The rookie shortstop has already surpassed expectations in his debut season.
There were various instances in the offseason when I caught myself wondering if the Astros would benefit from acquiring a veteran shortstop in the event Carlos Correa signed elsewhere. I even had a template in the works of what a Paul DeJong trade could possibly look like in January! Hey, the lockout hit all of us hard in different ways. While I had high hopes for Jeremy Peña, I had my doubts about how quickly he would acclimate as a hitter to major league pitching, although I bought his power development last season.
It’s a good thing that I am not involved in any capacity with the Astros as I’m sure we would be missing out on one of the best seasons in franchise history we’ve seen from a rookie, albeit it’s only mid-June. But Peña’s performance in his first 53 career games — .277/.330/.477 — has been nothing short than impressive. In fact, by fWAR, the 24-year-old rookie is among the most valuable position players this season at 2.6 wins above replacement. For additional context to how well he is performing, Peña is tied with Yordan Alvarez and ahead of Kyle Tucker (2.3 fWAR). Needless to state, it isn’t exactly a development that I expected in early March.
Peña’s development into an above-average shortstop — arguably one of the best to open the season — is largely thanks to his progression as a hitter. While there is the occasional hiccup, his glove and work in the field is in line with his reputation as a minor leaguer. That defensive skillset was why I always felt comfortable in estimating a one- to two-win performance in 2022 by combining that skillset with a roughly league average bat. I believe it was a reasonable expectation, especially if that power translated to the majors.
But, again, it’s the development of his bat that has driven his value this high, specifically his power as his slugging percentage, isolated power, and home runs all rank in the top-three of qualified shortstops. That’s something to appreciate as Peña had the unenviable task of filling the large shoes left behind by Correa. And it wasn’t expected, at least by most fans.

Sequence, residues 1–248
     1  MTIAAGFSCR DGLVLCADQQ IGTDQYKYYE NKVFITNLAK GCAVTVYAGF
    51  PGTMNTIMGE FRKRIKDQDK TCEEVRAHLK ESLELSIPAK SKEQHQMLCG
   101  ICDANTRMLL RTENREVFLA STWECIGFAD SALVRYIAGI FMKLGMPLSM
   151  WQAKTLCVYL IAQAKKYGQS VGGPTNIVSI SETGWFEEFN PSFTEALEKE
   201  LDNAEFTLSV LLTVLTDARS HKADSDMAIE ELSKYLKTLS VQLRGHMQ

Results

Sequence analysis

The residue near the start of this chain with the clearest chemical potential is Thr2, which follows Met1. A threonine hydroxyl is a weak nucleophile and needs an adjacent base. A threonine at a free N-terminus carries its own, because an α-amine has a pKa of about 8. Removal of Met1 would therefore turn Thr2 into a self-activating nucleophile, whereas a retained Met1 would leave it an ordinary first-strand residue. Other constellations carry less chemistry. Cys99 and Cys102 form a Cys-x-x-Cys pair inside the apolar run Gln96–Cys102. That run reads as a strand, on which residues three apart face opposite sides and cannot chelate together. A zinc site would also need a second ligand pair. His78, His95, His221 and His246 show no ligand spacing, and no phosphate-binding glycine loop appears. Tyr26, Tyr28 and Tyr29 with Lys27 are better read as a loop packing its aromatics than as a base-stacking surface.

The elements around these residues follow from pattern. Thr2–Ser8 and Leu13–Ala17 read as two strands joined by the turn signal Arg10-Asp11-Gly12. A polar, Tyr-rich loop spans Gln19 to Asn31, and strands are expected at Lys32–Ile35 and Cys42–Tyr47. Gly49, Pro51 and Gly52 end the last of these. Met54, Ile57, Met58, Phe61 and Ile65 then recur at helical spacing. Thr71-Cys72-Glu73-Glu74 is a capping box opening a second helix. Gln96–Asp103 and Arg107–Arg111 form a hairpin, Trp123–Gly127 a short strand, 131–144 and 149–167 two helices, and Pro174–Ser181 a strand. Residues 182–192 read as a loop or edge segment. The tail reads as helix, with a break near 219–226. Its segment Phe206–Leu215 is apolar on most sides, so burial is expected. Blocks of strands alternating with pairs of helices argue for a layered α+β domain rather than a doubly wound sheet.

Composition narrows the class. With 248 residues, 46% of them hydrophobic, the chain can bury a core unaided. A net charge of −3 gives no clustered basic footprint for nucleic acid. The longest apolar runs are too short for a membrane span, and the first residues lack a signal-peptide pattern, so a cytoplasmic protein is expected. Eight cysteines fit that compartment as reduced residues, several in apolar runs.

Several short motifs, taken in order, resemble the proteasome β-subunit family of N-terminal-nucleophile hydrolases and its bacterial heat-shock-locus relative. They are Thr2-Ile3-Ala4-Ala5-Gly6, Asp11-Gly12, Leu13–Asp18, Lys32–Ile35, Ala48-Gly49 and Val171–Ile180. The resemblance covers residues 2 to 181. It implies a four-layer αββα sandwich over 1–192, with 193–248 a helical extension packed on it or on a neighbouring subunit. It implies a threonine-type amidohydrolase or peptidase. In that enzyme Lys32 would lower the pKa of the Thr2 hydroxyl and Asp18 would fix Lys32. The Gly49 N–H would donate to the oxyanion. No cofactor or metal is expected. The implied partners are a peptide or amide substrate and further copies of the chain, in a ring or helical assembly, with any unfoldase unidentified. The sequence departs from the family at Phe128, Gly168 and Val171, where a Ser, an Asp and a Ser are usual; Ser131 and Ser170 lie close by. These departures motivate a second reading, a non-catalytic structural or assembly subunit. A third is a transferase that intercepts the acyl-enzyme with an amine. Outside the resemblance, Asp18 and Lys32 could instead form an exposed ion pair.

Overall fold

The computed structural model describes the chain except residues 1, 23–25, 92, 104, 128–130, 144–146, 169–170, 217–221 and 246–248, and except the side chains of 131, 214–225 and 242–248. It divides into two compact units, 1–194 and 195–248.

The question now is how will Peña perform as the season progresses through the summer. Unfortunately for the rookie he has regressed in June, hitting .257/.333/.371 in recent weeks. His power decline with a .114 isolated power, in particular, has caught my eye. By wRC+ (111), he remains an above-average hitter, but it remains something to watch. While a run-of-the-mill slump isn’t out of the question, it is interesting to not how breaking pitches, particularly sliders, are giving him issues at the plate. Four-seam fastballs are also giving the rookie issues as well, but I’d look for improvement there in the coming weeks.
But if Peña’s hit tool falters a bit, his overall offensive value takes a hit as he still doesn’t draw many walks and strikes out a fair amount, as partly evidenced with a swinging strike rate in the top-fifteen at 15.1 percent. While the power has translated into positive results, it does make him a bit more one-dimensional as a hitter. That said, Peña’s track record indicates that he isn’t afraid to make adjustments and I’m quite curious to sea how he closes the month.